I think all the right elements are in place. Oil, China, rate hike, etc. I think we only need another 3% drop or so. I had some cash in an online savings account that I've been content to let sit until now. I've yanked it in anticipation of throwing it in with the rest of my investments. I'm not looking to time the bottom, just pick up a healthy bump on the drop since I don't see the fundamentals for a prolonged or deep drop in the markets. I know, I know timing. But this is just a little game for me that I enjoy.

Margin debt is at all time highs again (high as 2000, higher than 2008) and turning over---not a bad time to get defensive imo.
Thread resurrection! I won't being making any moves out of equities because I think someone is ripe to get burned on timing. Everyone is hopping on the bear bandwagon so each little piece of disappointing data is being played up by the media. We're already down ~10%. If you get out now, we could see good data and things go back up. I don't want to have to think that much because it makes me anxious and that makes me unhappy.

BarkyardBQ

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Re: Ready for a Correction
« Reply #345 on: October 02, 2015, 11:32:24 AM »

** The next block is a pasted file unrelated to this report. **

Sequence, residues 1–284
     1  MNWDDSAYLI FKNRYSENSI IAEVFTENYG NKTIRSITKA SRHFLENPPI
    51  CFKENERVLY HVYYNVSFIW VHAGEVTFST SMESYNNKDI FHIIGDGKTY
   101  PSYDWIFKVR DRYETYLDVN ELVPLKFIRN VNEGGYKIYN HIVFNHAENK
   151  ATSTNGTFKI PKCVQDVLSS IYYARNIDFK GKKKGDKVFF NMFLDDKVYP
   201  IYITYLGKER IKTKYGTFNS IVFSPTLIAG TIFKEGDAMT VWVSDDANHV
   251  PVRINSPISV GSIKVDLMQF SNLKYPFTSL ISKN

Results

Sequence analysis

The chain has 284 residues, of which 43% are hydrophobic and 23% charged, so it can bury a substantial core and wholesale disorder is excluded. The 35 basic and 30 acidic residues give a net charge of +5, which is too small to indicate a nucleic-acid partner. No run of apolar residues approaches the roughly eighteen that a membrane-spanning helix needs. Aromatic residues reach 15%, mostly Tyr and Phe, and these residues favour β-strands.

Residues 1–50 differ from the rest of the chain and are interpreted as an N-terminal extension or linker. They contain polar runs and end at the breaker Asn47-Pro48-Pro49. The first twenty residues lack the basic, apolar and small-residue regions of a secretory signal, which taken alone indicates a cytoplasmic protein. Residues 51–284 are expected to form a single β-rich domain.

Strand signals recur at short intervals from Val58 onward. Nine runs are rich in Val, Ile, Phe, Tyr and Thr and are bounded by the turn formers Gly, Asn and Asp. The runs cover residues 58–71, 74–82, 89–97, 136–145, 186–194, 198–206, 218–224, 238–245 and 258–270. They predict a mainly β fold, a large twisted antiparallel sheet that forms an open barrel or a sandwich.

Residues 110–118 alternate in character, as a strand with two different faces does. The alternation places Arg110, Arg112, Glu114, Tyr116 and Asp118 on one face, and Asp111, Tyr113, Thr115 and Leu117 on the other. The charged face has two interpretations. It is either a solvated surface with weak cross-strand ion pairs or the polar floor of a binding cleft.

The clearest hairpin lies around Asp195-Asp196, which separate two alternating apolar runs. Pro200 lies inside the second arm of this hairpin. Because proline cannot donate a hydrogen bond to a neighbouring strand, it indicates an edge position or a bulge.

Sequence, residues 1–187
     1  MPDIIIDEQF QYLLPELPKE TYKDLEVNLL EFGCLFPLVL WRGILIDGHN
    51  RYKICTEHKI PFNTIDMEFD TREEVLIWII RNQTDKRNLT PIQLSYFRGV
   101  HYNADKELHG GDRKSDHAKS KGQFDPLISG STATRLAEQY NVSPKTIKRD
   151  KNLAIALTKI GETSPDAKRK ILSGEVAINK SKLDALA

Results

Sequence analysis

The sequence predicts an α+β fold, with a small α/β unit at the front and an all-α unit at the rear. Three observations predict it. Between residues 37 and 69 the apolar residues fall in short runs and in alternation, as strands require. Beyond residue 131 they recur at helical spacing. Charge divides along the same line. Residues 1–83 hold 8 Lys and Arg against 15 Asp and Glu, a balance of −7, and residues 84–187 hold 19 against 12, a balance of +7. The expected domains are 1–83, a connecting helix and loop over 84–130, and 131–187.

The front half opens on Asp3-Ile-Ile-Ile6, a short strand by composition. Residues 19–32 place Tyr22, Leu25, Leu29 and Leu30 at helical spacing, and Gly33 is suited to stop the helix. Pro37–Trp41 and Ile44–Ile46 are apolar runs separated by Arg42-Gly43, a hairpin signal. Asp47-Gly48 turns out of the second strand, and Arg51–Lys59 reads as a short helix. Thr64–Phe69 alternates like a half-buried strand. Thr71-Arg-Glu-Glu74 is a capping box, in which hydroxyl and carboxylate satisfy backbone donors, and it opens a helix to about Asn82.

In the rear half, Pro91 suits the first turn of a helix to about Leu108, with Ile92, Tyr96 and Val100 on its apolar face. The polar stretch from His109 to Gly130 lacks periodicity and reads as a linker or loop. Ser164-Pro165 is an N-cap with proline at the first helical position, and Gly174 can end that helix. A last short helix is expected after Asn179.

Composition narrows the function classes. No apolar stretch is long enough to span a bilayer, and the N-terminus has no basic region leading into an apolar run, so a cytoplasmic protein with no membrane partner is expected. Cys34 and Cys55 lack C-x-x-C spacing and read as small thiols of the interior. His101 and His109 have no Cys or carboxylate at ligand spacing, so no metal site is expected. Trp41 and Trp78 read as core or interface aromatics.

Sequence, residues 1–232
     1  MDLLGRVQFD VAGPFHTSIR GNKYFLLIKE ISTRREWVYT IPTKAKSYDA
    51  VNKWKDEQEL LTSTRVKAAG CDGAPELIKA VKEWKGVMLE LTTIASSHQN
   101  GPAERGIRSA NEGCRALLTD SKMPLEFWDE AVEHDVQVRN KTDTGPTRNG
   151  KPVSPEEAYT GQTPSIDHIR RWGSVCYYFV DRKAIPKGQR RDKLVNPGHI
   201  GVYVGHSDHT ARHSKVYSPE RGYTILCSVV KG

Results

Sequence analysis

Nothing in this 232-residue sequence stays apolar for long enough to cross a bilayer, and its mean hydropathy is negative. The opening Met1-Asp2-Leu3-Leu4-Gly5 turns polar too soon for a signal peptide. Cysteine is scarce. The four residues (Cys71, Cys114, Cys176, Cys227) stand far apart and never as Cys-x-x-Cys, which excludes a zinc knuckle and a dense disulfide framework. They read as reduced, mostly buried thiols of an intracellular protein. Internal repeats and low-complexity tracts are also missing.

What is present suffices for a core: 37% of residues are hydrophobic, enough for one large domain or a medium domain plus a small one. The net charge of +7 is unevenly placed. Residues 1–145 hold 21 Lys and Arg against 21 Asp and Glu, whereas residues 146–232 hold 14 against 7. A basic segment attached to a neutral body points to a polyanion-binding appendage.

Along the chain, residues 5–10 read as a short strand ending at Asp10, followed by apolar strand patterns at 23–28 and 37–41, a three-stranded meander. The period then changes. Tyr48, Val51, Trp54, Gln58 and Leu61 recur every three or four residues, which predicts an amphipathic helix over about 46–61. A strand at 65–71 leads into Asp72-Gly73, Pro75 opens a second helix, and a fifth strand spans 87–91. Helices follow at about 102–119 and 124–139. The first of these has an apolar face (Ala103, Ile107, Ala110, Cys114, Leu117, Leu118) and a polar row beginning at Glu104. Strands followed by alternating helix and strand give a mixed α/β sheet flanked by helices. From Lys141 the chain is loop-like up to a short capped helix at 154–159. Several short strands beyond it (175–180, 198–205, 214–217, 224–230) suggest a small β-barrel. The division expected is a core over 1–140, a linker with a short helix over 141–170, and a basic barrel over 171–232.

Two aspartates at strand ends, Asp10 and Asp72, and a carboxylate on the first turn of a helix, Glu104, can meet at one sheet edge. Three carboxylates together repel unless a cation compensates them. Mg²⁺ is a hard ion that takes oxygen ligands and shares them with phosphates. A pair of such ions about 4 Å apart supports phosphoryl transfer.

I don't really care, still as scheduled for today rebalanced my TLH and last taxable savings for this year.

But can someone please tell me how we started this morning with -1.5% on a crappy jobs report and now we're up .5%

WTF is going on, there is no correlation to any relevant data. I think this was asked before, but who is responsible for the trading volume?

Pooperman

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Re: Ready for a Correction
« Reply #346 on: October 02, 2015, 12:59:56 PM »
WTF is going on, there is no correlation to any relevant data. I think this was asked before, but who is responsible for the trading volume?

Basically, bad news means no rate hike. No rate hike means higher equity prices and possibly even another QE (even more into equities). So there's that.

mxt0133

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Re: Ready for a Correction
« Reply #347 on: October 02, 2015, 01:07:53 PM »
I don't really care, still as scheduled for today rebalanced my TLH and last taxable savings for this year.

But can someone please tell me how we started this morning with -1.5% on a crappy jobs report and now we're up .5%

WTF is going on, there is no correlation to any relevant data. I think this was asked before, but who is responsible for the trading volume?

Ahh correlation.  I love that term, people spend soo much time and money trying to identify correlation between two independent variables, by looking at historical data.

This is why economics is considered a social science vs physics or chemistry.  Humans do not obey any universal laws as we are all different and react to the same stimulation differently.  We learn and adopt, so I find it comical when I work with so many 'smart' people that develop trading strategies based on historical data and complain that their correlation models are not working.  It works some of the time but the only constant is that it will continuously change.